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Nurdles are often described as the industrial feedstock for the production of plastic products. These pellets are typically disc shaped and 3-5mm in diameter. Nurdles were first reported in the marine environment in the 1970s; a recent UK study however indicates a national yearly loss of 5-53 billion pellets.
Cigarette butts are considered to be the most commonly littered item worldwide. Unfortunately, research shows that only 72% of smokers don’t actually know that cigarette butts contain plastic, and 47% of Brits aren’t aware that cigarette butts, when flicked down the drain, will end up in the marine environment. As well as cigarette filters being comprised of plastic microfibers, they also contain thousands of chemical ingredients, including lead and arsenic. The leachate from just one cigarette butt, placed into just one litre of seawater, can create an entirely toxic environment for marine creatures.
Last year, a baby cow was found dead in its field alongside a popular coastal path in North Cornwall. Following the post-mortem examination, it was found that the poor calf had ingested used, full, plastic dog poo bags. This was the cause of death. After observing this tragedy, I walked a mile along this same coastal path to see how many littered dog poo bags I could find; 201 was a quantity I could never have predicted.
Every minute, of every day, in the UK alone, 750 plastic bottles are littered. Researchers have now identified microplastics in most bottled water brands; they have even now found microplastics in the beer that we drink…
Biobeads look almost identical to a typical ‘Nurdle’, except for having a characteristically rough and rugged surface. These pellets are used as filtering media at sewage treatment plants. In 2010, the waste water treatment plan beside the Truro River, Cornwall, spilt 5 billion of these plastic beads into the river. A thick, imbedded, black and bumpy line of biobeads now follows the river bank, through the fruitful mudflats, to the mouth of the river and into the ocean. Previous studies have found beads contaminated with toxic chemicals such as lead, bromine and cadmium.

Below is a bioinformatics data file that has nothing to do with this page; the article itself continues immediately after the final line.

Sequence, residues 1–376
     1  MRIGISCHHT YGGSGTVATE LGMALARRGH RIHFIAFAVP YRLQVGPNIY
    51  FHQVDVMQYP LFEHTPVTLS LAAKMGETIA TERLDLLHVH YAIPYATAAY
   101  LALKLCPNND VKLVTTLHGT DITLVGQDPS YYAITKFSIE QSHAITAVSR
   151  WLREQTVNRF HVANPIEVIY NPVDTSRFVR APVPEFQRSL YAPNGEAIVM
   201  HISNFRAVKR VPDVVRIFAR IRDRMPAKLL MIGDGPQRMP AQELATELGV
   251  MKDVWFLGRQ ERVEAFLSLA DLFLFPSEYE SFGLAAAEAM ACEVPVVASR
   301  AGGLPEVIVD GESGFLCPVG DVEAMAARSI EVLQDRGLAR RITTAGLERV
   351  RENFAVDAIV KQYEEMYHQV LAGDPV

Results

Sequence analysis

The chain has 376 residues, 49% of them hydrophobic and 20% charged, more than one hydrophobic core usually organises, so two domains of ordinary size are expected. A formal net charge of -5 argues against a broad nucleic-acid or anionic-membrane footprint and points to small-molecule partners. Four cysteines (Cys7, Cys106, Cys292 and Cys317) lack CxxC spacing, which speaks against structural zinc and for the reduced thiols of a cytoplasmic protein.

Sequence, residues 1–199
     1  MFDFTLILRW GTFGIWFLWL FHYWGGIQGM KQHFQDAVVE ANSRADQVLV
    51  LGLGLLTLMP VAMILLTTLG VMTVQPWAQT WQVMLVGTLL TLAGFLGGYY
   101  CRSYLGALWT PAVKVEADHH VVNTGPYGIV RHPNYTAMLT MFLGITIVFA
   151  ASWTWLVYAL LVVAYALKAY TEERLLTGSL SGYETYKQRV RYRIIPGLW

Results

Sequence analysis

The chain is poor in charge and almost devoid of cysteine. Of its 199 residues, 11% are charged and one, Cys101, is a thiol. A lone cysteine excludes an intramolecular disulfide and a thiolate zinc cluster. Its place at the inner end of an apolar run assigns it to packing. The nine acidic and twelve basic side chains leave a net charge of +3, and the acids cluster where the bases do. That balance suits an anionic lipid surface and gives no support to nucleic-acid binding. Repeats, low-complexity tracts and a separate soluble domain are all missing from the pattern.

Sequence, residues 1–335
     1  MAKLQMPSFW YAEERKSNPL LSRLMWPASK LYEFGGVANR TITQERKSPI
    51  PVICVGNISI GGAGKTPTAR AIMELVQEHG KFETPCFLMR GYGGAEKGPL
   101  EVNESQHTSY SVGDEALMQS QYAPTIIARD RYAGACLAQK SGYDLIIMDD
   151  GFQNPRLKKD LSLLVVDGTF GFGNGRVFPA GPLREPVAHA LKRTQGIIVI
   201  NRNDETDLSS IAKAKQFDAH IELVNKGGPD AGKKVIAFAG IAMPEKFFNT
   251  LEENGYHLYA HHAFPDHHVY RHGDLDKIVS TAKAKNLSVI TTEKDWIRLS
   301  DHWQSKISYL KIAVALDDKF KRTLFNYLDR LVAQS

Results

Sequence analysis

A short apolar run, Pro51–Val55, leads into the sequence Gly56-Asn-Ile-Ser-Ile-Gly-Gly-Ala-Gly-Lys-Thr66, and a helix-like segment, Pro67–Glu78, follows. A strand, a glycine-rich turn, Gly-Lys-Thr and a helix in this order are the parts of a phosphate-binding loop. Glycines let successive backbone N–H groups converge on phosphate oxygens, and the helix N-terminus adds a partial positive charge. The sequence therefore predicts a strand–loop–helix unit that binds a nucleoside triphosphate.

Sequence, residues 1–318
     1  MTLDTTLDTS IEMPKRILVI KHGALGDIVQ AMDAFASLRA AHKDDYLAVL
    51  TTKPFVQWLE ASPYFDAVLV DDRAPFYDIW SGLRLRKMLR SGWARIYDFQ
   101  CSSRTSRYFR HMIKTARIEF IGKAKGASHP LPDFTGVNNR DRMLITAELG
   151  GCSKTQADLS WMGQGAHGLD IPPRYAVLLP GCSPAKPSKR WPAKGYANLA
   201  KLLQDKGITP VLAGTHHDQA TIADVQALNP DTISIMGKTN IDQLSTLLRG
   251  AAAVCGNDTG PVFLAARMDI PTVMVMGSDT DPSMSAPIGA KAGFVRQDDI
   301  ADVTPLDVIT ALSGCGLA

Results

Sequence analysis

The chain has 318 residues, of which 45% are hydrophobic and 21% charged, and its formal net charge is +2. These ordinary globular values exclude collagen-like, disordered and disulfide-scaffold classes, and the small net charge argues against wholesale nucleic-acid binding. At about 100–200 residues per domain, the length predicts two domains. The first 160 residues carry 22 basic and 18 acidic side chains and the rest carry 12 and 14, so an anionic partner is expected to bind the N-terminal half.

‘Ghost gear’ is that which is fishing gear which has been lost, abandoned or discarded at sea. A recent study revealed that, of the top 20 most commonly found items of marine litter, ghost fishing gear posed the greatest threat to marine life. The entanglement risk of this material can lead to long, painful and slow deaths lasting months or even sometimes years. The image you see is of a ghost net we found last year; entangled amongst it was 10 female Catsharks, dead. Four of them were pregnant.
65% of 18-24 year olds admit to flushing wet wipes, sanitary products, cotton buds, cotton wool products or condoms down the toilet. This leads to blockages and, ultimately, spills into the marine environment. During a beach clean, I found over 300 plastic stemmed cotton bud sticks on just one beach in North Cornwall. This was 2 years after the 2017 movement from major retailers to remove all plastic stemmed cotton bud stick and switch to paper alternatives.
Beach Guardian have discovered a surplus of single use food packaging on their beach cleans, many with a past use-by date. One of my favourite finds was a Walkers crisp packet from 1997, the year I was born. The oldest crisp packet that I have found on a beach clean was from 1972, a McVities packet with a ‘Camera Offer’ on the back. This offer asked for a cheque for 65p to be posted to the given address. In return, the sender would receive a brand new camera, film and processing services for footage. From finding these packets, I decided to wear a dress made out of Walkers crisp packets to my graduation. Following this, Walkers pledged to make ‘100% of their packaging recyclable, compostable or biodegradable by 2025’ and introduced a nationwide recycling scheme.